Belfort came close to breaking Jon Jones’ arm and winning the light heavyweight title in his last fight, which counts for something, but Bisping would be the most relevant name on Belfort’s ledger in several years, if he were to defeat him. On the flip side, his only two losses in seven years are to Silva and Jones, so it wouldn’t be a stretch to say Belfort could be sold as a No. 1 contender again.

Even so, Belfort does have more of a tainted history than Bisping, which could have some hesitant about his reliability. In his 2006 fight with Dan Henderson, Belfort was busted for using anabolic steroids. His recent comments on TRT don’t help his case either. In an ESPN interview, Belfort wouldn’t give an answer either way about whether he would consider using TRT, saying instead, “If a question is private, I have the choice to answer or not. If I make it public, it’s not private anymore. If I want to say something private I will say it, but I keep to myself and I respect the laws of the sport. Whatever the organization, whatever the law—they know what to do. This is too controversial, why am I going to say something that doesn’t accomplish anything? If it’s legal, they know what to do. If it’s legal, there’s nothing to say about it. It’s legal.”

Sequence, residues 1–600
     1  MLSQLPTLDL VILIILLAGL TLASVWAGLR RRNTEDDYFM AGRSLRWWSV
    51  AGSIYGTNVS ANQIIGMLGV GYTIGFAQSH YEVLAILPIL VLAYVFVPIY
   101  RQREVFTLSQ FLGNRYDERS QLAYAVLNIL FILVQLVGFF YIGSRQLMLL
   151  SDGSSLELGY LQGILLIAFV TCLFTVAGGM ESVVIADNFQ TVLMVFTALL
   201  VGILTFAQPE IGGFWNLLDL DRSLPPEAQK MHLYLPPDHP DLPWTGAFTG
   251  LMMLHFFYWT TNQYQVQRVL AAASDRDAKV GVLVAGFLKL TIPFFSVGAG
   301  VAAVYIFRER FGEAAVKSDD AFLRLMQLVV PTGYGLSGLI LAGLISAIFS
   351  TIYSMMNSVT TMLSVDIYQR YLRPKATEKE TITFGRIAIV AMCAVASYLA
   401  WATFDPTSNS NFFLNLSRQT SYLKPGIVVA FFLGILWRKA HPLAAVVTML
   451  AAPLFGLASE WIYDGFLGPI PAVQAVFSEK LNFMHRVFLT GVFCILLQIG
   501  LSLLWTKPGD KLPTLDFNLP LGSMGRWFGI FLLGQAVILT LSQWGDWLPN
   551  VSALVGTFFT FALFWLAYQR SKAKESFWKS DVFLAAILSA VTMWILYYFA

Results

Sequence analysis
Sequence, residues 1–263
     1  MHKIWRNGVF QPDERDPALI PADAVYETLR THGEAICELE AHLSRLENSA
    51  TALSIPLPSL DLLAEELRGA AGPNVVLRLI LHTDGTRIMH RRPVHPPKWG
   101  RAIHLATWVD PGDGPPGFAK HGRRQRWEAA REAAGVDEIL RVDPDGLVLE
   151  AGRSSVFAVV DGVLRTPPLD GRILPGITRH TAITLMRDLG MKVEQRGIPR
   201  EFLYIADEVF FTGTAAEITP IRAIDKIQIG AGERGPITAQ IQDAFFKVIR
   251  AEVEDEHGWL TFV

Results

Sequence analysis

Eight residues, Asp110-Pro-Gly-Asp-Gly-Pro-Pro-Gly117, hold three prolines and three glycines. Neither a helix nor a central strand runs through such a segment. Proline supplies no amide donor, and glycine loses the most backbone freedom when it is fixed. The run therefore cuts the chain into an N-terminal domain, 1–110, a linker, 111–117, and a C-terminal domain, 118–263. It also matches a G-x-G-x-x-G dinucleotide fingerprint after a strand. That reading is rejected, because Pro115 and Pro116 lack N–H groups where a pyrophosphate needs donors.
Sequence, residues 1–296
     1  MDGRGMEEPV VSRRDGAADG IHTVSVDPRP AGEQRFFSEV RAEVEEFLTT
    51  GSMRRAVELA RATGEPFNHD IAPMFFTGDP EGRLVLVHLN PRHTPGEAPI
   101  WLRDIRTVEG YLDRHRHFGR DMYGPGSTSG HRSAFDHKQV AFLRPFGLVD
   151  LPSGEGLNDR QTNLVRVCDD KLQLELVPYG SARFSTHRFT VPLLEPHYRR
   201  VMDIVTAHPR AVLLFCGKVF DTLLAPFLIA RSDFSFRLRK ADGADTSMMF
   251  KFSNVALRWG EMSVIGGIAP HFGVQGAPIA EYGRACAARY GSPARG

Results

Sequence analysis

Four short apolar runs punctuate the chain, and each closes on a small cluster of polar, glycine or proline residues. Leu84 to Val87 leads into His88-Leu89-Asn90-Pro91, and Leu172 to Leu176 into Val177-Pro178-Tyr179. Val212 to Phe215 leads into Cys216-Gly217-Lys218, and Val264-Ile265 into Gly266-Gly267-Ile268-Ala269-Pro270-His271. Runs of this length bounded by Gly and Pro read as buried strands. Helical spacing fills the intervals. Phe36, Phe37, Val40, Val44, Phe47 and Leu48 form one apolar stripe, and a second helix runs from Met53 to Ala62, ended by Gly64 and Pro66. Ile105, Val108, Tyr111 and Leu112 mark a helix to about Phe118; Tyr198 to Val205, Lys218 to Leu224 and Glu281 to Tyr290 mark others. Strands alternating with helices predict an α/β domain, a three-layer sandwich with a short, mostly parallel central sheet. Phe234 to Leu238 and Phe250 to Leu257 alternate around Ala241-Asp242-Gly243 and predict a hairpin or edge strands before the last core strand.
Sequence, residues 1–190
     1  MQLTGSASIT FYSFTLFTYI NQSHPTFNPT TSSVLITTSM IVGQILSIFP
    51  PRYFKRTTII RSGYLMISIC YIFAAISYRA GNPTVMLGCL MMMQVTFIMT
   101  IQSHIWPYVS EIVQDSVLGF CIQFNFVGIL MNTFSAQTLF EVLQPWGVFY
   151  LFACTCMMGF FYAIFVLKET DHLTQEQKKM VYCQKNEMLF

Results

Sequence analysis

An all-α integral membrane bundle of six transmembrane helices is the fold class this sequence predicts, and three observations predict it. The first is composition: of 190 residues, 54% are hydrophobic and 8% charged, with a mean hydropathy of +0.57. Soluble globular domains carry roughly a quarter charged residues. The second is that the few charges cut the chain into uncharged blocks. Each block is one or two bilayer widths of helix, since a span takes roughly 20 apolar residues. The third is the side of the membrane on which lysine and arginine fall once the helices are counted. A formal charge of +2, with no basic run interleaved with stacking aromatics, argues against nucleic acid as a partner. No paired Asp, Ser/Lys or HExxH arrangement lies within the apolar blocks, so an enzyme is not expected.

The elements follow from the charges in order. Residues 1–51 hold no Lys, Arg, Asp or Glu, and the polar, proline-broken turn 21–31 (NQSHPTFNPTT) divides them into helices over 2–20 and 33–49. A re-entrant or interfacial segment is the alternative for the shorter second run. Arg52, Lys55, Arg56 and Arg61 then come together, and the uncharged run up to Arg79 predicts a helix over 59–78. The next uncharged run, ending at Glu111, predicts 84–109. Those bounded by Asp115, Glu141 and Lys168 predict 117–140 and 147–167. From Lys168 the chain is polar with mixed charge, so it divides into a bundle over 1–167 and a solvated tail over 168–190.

When pressed further, Belfort continued with another ambiguous answer, and that is not the type of pre-fight talk that is going to get fans on his side. In this instance, Bisping’s comical trash talk is a welcome distraction and one that fans would rather buy into.

In the end, both fighters are easy sells as the next title contender if they emerge victorious from Saturday evening’s contest.

Fans will continue to clamor for who they think rightfully deserves a title shot, and interesting developments like Rockhold waiting in the wings will need time to unfold. But, then again, what’s the rush to honestly name the next contender? In December, it was announced that Silva had signed a 10-fight deal with the UFC, so shoring up all the loose ends in the division probably isn’t a priority for the UFC. It appears that Silva will be fighting into his forties with the company, and super fights are likely to fill the tail end of that stretch.

Bisping and Belfort are given an equal chance at victory by oddsmakers, and while it is anticipated to be a great fight, most people are looking ahead to the endgame. More than anything, the fans are starved in their desire to see Anderson Silva step into the cage and perform like the MMA virtuoso that he is. It doesn’t really matter who it is against. The fans will be watching regardless.

Photo: Vitor Belfort (Patrick Formosinho/Dentro do Ringue)

About The Author

David Massey
Staff Writer

David Massey studied Humanities and Art History at the University of Central Oklahoma. He first found interest in MMA from the first TUF show and has been hooked ever since. He began posting on mmajunkie then submitting Sunday Junkie entries and that began his interest in writing about MMA. Through twitter David found other MMA enthusiasts and began contributing articles to marqueemma.com. He looks forward to growing as a writer and being a part of the sport he loves.